Is a High-Deductible Plan Right for You?
High-deductible health plans can offer significant savings in annual premiums, but they often pose greater limitations than low-deductible plans and are not for everyone.
"Save thousands on health insurance." "Cut your premiums in half." We've all seen the ads for high-deductible health plans (HDHPs), touting their low rates. But do lower rates mean less coverage? And if they are so good, why do so few workers opt for them?
Like traditional health care plans, HDHPs usually cover a wide range of medical and prescription costs -- but only after a steep annual deductible has been paid. Such deductibles can run from as low as $1,150 for individual coverage, to upwards of $7,500 for family coverage, depending upon the plan. These plans seek to drive down health care costs by placing more of the responsibility and cost burden on consumers, in effect, forcing them to be more cost-conscious when deciding on medical care.
HDHPs generally appeal more to healthier people with no chronic ailments that require regular care. That's because high-medical-maintenance individuals are likely to end up burning through the entire deductible, effectively upping the costs above low-deductible plans. For instance, an HDHP with a monthly rate that is $100 less than a low-deductible plan will end up costing more if you end up shelling out over $1,200 before you use up the deductible.
Coupling With a Health Savings Account
HDHPs are often used with Health Savings Accounts (HSAs) -- tax-preferred savings accounts that are used to fund qualified medical expenses. Enrollees or their employers make tax-free contributions to an HSA, then use the funds to purchase medical care until they reach their deductibles.
You are eligible for an HSA if you meet four qualifying criteria: (1) you are enrolled in a qualified HDHP, (2) you are not covered by another disqualifying health plan (whether insurance or an uninsured health plan), (3) you are not eligible for Medicare benefits, and (4) you are not a dependent of another person for tax purposes. You must meet all four of these criteria to qualify.
The maximum contribution to an HSA for 2016 is $3,350 if you have single coverage, or $6,750 if you have family coverage. If you are over age 55 then you can contribute an additional $1,000 in 2016 regardless of whether you have single or family coverage. Such contributions are made on a before-tax basis, meaning they reduce your taxable income. Note that unlike IRAs and certain other tax-deferred investment vehicles, no income limits apply to HSAs.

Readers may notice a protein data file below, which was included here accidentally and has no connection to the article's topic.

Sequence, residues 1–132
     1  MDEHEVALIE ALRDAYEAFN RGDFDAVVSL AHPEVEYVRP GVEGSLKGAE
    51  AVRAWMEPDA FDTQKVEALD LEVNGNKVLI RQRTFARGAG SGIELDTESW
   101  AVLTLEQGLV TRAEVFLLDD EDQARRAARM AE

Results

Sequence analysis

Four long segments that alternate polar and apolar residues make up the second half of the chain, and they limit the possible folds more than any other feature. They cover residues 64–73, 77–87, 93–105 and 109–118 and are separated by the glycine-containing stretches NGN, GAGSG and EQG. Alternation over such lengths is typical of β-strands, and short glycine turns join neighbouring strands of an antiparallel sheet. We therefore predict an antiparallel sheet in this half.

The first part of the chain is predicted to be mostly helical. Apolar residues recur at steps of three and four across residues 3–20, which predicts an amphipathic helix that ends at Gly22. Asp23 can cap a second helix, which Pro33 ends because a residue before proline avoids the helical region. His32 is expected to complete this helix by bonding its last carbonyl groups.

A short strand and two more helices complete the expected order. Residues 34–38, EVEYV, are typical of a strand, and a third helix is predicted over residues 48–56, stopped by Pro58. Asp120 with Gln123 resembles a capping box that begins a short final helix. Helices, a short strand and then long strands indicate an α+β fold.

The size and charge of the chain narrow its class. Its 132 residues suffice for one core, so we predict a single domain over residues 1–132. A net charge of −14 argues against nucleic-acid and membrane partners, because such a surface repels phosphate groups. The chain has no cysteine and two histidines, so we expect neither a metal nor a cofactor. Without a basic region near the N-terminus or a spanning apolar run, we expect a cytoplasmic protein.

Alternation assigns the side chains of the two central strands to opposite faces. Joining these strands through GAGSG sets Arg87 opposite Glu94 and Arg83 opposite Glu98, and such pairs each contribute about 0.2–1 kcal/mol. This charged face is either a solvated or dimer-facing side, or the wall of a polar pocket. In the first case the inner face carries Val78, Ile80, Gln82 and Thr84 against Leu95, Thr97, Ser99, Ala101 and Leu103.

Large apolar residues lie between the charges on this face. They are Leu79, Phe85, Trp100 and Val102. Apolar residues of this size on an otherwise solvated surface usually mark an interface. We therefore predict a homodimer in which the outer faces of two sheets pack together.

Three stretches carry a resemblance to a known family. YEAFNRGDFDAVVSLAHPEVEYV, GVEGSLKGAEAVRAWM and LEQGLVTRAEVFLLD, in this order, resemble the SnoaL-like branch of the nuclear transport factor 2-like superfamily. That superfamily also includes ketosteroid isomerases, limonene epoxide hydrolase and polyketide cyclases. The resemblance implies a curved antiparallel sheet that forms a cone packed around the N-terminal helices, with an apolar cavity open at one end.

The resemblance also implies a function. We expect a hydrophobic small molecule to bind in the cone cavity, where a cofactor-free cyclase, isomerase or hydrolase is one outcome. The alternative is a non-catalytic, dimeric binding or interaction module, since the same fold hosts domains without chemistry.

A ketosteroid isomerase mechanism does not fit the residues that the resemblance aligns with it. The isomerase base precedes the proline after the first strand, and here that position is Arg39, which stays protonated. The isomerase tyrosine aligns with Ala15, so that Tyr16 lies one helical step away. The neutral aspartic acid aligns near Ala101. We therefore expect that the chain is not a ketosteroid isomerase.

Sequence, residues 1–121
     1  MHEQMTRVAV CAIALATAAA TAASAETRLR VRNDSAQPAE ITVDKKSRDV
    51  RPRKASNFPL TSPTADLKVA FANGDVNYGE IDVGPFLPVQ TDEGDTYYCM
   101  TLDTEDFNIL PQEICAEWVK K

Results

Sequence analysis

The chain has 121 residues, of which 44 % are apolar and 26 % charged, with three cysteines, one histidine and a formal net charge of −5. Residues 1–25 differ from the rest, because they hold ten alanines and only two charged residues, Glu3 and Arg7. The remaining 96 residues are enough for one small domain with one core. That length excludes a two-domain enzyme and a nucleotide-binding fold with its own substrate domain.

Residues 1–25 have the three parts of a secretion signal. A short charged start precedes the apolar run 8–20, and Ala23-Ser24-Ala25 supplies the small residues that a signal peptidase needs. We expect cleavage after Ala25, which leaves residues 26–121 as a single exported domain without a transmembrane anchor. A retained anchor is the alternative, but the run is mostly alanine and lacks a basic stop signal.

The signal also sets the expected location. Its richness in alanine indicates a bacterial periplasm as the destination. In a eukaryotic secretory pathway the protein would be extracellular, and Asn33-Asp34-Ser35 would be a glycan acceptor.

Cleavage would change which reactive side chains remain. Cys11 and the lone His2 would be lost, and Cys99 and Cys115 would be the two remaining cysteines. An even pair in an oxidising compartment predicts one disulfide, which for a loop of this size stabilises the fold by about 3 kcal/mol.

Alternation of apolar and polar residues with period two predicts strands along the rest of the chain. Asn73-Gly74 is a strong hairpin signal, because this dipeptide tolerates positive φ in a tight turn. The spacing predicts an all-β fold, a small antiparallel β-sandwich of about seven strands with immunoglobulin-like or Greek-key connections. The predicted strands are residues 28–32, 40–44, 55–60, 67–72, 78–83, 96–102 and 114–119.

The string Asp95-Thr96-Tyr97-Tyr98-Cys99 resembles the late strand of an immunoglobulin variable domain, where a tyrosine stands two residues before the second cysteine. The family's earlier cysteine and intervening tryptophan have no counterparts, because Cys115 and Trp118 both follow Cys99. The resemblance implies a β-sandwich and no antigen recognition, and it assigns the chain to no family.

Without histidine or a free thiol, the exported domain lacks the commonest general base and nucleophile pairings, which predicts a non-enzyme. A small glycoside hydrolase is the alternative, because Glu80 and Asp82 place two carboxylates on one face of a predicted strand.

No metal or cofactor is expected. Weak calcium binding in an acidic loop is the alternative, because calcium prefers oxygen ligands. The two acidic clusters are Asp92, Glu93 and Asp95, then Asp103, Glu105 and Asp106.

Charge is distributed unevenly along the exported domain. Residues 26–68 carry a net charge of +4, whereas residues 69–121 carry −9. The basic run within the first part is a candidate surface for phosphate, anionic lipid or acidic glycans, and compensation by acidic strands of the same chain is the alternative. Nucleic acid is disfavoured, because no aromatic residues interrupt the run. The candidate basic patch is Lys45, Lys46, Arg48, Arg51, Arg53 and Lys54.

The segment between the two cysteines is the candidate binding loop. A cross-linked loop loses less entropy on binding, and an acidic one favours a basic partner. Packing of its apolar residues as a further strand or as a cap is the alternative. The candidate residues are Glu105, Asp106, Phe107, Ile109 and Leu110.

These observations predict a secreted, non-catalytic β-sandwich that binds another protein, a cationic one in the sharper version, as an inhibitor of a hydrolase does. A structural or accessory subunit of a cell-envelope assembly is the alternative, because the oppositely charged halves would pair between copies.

HSAs offer investment options that differ from plan to plan, depending upon the provider. What's more, HSA account balances carry over from year to year, unlike their predecessors, Medical Savings Accounts (MSAs), which contained a "use it or lose it" feature that severely limited their usefulness for most people. Earnings on HSAs are not subject to income taxes.
Any medical, dental, or ordinary health care expense that would qualify as a tax-deductible item under IRS rules can be covered by an HSA. A doctor's bill, dental procedures, and most prescriptions are examples of covered items. See IRS Publication 502 for a definitive guide of what costs are covered. If funds are withdrawn for any other purpose than qualifying health care expenses, however, you will be required to pay ordinary income taxes on amounts withdrawn plus a 10% additional federal tax.
Questions to Consider Before Choosing an HDHP
Coverage: What types of care are or are not covered? Are prescriptions covered? How about physical therapy? Is there a limit on doctor visits? Is preventive care excluded from the deductible? Coverage will differ from plan to plan. Look for specific options that are applicable to you or your family.
Caps on Coverage: Is there a limit on hospitalization costs or lifetime coverage? Is it high enough to cover costs for unforeseen issues such as a heart attack or treatment for chronic ailments? More serious procedures can cost many thousands and use up a lifetime limit quickly.
Copays: Is there a high copay percentage? What does it apply -- or not apply -- to? The cheapest plans usually have the highest deductible and the largest copay percentage.
HSA Eligibility: Does the plan qualify as an HDHP under IRS rules? The IRS sets limits as to what qualifies as an HDHP. For 2016, a plan can be considered an HDHP only if its deductible is at least $1,300 for a single individual or $2,600 for a family. Make sure to check if an HSA plan option applies.
Selection: How extensive is the preferred provider network? Does it offer adequate selection in your area? What is the coverage for out-of-network providers?
If you're considering a high-deductible plan, talk to your insurance agent or employer health care administrator who can help you select the type of plan that best suits your specific needs. Additional information may also be found at healthcare.gov.
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